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Supreme Court Threatens Access to Mailed Abortion Pills Used by 8,000 Per Month

First-ever report fully details providers using blue state shield laws to prescribe abortion pills via telehealth.

Demonstrators protest for reproductive rights outside the U.S. Supreme Court on March 26, 2024, in Washington, D.C.

A recent study by the Society of Family Planning revealed that approximately 8,000 women per month receive abortion pills via mail in states where abortion is heavily restricted. The report is the first of its kind to fully document the impact of providers leveraging blue state shield laws to offer telehealth abortions.

However, despite the implementation of shield laws in numerous states that safeguard providers who prescribe abortion pills from criminalization, the Supreme Court is poised to threaten the accessibility of abortion pills for women residing in states where abortion is prohibited.

“Access to medication abortion through telehealth continues to play an ever-increasing role in abortion care nationwide — even as the Supreme Court weighs the fate of telehealth abortion care,” Ushma Upadhyay, a professor at the University of California, San Francisco, told The Hill.

On March 26, 2024, the Supreme Court heard oral arguments in Alliance for Hippocratic Medicine v. FDA, a case which could endanger people’s access to the abortion pill mifepristone. While the Supreme Court has allowed mifepristone to remain on the market while the case moves through the courts, the Court could uphold a 5th Circuit holding that reimposed pre-2016 limitations on the medication by the Food and Drug Administration (FDA), such as prohibiting its prescription via telemedicine and dispensation via mail. This would have a detrimental effect on abortion access, as research shows that the abortion pill is currently used in more than half of all abortions.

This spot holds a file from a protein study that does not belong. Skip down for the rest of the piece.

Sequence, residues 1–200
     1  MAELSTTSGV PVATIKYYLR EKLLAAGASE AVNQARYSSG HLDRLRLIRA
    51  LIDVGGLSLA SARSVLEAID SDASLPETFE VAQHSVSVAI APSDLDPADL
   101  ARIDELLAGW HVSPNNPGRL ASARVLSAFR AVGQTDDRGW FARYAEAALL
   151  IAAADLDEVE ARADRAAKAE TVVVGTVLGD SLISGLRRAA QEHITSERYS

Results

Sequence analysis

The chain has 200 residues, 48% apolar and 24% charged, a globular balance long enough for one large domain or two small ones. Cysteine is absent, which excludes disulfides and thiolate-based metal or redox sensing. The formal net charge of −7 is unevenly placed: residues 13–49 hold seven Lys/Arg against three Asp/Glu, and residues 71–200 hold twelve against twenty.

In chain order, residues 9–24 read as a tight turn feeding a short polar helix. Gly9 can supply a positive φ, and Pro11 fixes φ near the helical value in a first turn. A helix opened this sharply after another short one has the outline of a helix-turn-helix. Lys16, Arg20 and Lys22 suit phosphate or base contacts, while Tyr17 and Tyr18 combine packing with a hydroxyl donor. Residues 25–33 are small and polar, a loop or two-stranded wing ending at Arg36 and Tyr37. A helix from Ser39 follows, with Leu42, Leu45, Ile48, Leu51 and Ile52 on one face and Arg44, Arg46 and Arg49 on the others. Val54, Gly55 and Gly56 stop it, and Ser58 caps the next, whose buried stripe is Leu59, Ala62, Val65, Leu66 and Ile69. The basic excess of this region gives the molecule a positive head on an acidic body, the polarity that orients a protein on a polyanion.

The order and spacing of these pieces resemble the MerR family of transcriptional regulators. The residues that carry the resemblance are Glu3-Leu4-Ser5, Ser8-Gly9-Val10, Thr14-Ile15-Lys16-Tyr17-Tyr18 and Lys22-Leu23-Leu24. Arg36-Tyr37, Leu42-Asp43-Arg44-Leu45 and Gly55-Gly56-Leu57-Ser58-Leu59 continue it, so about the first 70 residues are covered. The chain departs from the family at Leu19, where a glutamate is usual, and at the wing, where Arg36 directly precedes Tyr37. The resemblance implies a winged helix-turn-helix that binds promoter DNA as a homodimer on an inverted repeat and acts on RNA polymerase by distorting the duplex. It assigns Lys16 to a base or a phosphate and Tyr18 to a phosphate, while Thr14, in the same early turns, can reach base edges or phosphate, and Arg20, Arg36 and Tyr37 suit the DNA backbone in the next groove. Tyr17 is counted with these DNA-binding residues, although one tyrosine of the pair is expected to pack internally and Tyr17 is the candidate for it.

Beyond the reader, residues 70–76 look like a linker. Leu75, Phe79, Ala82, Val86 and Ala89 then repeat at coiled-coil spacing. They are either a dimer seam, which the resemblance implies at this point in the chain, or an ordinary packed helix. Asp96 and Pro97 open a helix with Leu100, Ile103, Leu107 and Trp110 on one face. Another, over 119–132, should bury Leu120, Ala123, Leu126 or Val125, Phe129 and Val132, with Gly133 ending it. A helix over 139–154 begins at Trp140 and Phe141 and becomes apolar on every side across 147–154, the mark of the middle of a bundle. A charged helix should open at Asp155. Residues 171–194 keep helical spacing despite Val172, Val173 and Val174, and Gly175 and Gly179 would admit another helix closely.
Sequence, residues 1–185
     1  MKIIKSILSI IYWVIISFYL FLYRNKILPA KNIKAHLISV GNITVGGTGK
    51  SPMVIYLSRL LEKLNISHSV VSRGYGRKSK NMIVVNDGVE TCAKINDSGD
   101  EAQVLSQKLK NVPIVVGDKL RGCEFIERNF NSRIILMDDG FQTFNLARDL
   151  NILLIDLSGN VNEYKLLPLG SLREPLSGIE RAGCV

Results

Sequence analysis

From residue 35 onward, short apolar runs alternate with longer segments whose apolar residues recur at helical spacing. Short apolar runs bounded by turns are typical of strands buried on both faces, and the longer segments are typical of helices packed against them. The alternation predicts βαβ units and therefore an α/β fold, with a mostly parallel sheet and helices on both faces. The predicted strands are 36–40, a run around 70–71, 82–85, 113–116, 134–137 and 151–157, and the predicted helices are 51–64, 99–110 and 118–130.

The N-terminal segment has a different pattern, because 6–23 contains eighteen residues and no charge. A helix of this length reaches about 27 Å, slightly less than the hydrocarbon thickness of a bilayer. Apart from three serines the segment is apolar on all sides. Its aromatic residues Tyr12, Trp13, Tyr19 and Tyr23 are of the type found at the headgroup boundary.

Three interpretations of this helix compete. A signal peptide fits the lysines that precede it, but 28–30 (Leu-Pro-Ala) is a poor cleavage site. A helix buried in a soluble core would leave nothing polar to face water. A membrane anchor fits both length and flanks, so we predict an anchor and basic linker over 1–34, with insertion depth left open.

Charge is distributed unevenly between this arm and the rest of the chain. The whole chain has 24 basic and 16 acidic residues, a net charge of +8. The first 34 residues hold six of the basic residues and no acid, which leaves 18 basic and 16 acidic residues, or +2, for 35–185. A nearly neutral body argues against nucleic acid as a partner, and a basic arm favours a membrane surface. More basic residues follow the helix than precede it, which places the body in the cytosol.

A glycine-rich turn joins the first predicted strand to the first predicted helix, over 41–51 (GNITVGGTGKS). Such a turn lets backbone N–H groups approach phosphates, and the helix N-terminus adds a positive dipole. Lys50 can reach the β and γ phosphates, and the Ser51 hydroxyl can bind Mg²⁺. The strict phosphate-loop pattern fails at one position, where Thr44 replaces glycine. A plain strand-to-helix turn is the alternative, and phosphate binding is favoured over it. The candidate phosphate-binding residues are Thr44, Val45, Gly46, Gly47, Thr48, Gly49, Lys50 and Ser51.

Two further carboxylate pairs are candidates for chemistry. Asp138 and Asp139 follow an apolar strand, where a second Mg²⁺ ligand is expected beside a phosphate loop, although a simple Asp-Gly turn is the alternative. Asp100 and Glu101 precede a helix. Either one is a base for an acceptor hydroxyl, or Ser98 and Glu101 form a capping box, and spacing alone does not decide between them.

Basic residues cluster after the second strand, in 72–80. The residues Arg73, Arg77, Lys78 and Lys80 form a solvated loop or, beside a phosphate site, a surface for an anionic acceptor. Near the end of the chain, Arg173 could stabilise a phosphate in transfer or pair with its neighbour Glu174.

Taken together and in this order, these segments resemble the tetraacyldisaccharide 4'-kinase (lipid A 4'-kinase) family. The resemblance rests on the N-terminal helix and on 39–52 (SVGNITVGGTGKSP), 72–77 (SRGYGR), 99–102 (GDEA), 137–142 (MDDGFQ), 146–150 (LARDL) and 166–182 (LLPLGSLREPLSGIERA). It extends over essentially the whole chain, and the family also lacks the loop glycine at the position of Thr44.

“If the Court affirms [the Fifth Circuit Court’s ruling], the upshot will be harm all around: harm to women, particularly rural and low-income women, who will be required to visit in-person clinics simply to take a prescription medication, or may not be able to access mifepristone for abortion or miscarriage management at all,” the Reproductive Freedom Alliance, a coalition of 22 governors who support protecting abortion rights, said in a brief to the Court.

If the Court allows the prohibition of the abortion pill’s prescription via telemedicine and dispensation via mail, Black women in states with abortion bans would be disproportionately affected. Research shows that Black people seek abortion care more frequently, face reduced access to family planning services, and suffer from inferior health, education, and economic outcomes as a consequence. In fact, a recent report by the National Partnership for Women & Families and In Our Own Voice found that 57 percent of Black women of reproductive age, or 7 million, reside in states with existing or proposed abortion restrictions.

Some states are even considering bills that would criminalize possessing the abortion pill, such as Louisiana. This bill would classify mifepristone as a controlled substance and make it a crime for anyone who doesn’t have a prescription or is a licensed provider to possess the abortion pill. This bill not only increases the likelihood of Black women facing pregnancy criminalization but also could worsen the ongoing “medical ethics crisis” in Louisiana due to its stringent abortion ban, which disproportionately impacts Black women.

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